And that’s it for now. I’m going up there again Friday evening and hope to finish the Sunny Border in some form before I have to head back to town Saturday night for a birthday party.

(And typing up this entry made me feel like – perhaps – I have managed to get SOME work done over the weekend.)

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Oops…


Isn’t it always the way it goes; you start a project and suddenly you can just see that your scope is too narrow.

I’m afraid I might have to admit that I’ve under-dimensioned the lay-out of the new Sunny Border; now that I’ve dug half of the planned area free of turf it seems quite clear that this won’t make the sort of impact I want it to, regardless of how lush and colourful the plants decide to grow.

I might have to double the radius of the semicircle, and this will of course quadruple the area that needs to be cleared. (A = π x r2 for a circle if I remember correctly – when I was a kid we used to always ask our maths teacher “but what will we ever USE this for?”, and I guess he should have just told me that when I started a garden it would be quite handy to know basic geometry… I also use the Pythagorean number sets quite often – a triangle with the lengths 5-4-3 will give you a straight angle since a2=b2+c2.)

Still, I’m making headway, and my back is actually less sore now than it was after I’d dug out the first square meter. My body is getting accustomed to the work, it seems.

I still need to work out how I’m going to dig out the turf around the young clematis. I suspect I might resort to just scraping off the grass and the top roots, lay down a thick layer of cardboard around the plant and then mulch that over with compost so it doesn’t show. It won’t remove all the roots but it should at least limit the amount of grass that manages to get through to the surface.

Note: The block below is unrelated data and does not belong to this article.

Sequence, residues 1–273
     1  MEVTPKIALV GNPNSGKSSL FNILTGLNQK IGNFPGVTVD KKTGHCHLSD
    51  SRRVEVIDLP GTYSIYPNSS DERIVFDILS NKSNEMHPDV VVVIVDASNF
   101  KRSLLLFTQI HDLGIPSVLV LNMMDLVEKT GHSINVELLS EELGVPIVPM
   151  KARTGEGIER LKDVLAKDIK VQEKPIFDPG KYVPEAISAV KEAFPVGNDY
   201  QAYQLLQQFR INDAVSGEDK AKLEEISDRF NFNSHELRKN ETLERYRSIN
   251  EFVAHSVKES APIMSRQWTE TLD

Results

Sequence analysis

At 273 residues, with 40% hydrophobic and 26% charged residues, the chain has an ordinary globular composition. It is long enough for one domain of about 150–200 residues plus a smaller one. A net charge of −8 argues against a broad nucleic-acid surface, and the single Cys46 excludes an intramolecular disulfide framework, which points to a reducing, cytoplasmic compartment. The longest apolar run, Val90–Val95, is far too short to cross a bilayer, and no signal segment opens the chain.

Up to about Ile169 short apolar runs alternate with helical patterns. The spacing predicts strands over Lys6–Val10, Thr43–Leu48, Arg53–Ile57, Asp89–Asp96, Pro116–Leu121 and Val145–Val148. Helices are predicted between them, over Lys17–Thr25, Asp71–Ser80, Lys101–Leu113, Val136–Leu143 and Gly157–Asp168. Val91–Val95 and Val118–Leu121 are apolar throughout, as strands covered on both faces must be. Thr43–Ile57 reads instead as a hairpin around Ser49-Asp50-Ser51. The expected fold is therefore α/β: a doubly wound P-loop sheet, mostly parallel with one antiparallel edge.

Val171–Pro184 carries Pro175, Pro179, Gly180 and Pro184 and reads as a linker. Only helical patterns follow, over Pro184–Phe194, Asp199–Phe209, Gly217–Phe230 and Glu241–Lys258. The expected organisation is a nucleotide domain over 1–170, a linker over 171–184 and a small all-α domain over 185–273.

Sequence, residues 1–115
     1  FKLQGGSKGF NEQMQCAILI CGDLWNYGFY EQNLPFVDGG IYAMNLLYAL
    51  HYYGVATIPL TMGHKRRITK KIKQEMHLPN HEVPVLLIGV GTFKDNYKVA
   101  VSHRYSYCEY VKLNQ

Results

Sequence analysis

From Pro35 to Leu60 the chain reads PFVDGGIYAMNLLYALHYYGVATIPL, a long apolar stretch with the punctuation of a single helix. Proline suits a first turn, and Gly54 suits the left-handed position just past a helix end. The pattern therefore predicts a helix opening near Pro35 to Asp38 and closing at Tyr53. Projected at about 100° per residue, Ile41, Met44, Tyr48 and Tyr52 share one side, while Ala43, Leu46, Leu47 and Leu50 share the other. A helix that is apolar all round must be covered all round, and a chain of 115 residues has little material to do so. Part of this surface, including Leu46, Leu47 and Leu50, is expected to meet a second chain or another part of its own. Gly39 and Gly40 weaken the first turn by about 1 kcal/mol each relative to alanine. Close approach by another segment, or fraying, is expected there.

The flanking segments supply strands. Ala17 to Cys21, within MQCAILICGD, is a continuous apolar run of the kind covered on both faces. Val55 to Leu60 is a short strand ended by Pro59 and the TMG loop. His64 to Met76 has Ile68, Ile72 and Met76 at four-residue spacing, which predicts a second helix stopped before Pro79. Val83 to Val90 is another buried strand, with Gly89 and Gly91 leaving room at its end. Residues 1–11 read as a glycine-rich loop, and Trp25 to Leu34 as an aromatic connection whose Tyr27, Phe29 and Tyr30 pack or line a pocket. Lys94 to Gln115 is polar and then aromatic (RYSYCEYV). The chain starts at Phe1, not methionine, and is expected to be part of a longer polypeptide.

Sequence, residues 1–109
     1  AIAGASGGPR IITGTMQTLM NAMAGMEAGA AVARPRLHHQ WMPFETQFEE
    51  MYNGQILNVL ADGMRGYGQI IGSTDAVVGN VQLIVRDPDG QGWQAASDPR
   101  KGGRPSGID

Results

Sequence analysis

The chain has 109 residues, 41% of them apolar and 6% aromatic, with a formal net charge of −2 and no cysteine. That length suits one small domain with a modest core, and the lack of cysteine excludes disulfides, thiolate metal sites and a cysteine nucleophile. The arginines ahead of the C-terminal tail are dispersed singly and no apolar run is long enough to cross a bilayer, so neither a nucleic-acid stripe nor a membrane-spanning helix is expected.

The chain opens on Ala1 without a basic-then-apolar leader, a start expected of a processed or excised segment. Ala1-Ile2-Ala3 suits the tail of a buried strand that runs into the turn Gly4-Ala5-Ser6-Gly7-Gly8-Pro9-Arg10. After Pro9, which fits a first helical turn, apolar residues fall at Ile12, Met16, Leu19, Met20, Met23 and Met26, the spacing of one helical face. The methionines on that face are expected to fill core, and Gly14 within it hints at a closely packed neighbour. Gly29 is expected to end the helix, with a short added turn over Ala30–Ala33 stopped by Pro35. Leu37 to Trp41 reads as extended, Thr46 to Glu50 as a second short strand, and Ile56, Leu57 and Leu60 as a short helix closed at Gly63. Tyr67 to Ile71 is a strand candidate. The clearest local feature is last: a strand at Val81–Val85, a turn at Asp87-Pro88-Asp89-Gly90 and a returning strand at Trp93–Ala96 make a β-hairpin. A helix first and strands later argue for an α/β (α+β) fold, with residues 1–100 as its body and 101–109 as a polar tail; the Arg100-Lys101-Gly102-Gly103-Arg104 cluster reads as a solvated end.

Plastic would probably be more efficient, but I think I’ve made enough concessions by deciding on a vertical 8-inch corrugated plastic barrier between the border and the lawn. The cardboard will decompose naturally and actually add something positive to the soil, whereas a sheet of plastic around the clematis would just be an atrocity that will disintegrate but not decompose, leaving me with small bits of plastic in the soil for years to come. (At least the plastic barrier towards the lawn has an expected durability of 5 years, possibly more, given that it will be completely covered on both sides, and when it does start to disintegrate the border should be established enough that I can maintain the edge by cutting it with a spade every spring.)

Anyway, enough of a break; back to the garden – and the heavy work – I go!

(EDIT: And now it started raining – just a slight drizzle, but enough to turn the soil into mud if I walk around digging. Armchair gardening it is for now!)